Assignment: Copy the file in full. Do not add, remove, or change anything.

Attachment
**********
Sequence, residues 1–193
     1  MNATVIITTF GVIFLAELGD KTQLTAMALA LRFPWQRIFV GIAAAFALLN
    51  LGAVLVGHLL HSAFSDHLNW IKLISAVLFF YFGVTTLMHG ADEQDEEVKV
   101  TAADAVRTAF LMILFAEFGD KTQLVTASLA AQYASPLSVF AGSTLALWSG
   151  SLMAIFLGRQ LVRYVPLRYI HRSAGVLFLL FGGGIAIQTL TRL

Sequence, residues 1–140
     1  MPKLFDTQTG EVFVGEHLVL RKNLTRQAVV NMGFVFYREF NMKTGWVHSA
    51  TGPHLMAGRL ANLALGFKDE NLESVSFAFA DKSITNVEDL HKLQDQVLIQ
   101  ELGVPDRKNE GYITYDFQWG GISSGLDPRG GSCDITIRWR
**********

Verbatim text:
Sequence, residues 1–193
     1  MNATVIITTF GVIFLAELGD KTQLTAMALA LRFPWQRIFV GIAAAFALLN
    51  LGAVLVGHLL HSAFSDHLNW IKLISAVLFF YFGVTTLMHG ADEQDEEVKV
   101  TAADAVRTAF LMILFAEFGD KTQLVTASLA AQYASPLSVF AGSTLALWSG
   151  SLMAIFLGRQ LVRYVPLRYI HRSAGVLFLL FGGGIAIQTL TRL

Sequence, residues 1–140
     1  MPKLFDTQTG EVFVGEHLVL RKNLTRQAVV NMGFVFYREF NMKTGWVHSA
    51  TGPHLMAGRL ANLALGFKDE NLESVSFAFA DKSITNVEDL HKLQDQVLIQ
   101  ELGVPDRKNE GYITYDFQWG GISSGLDPRG GSCDITIRWR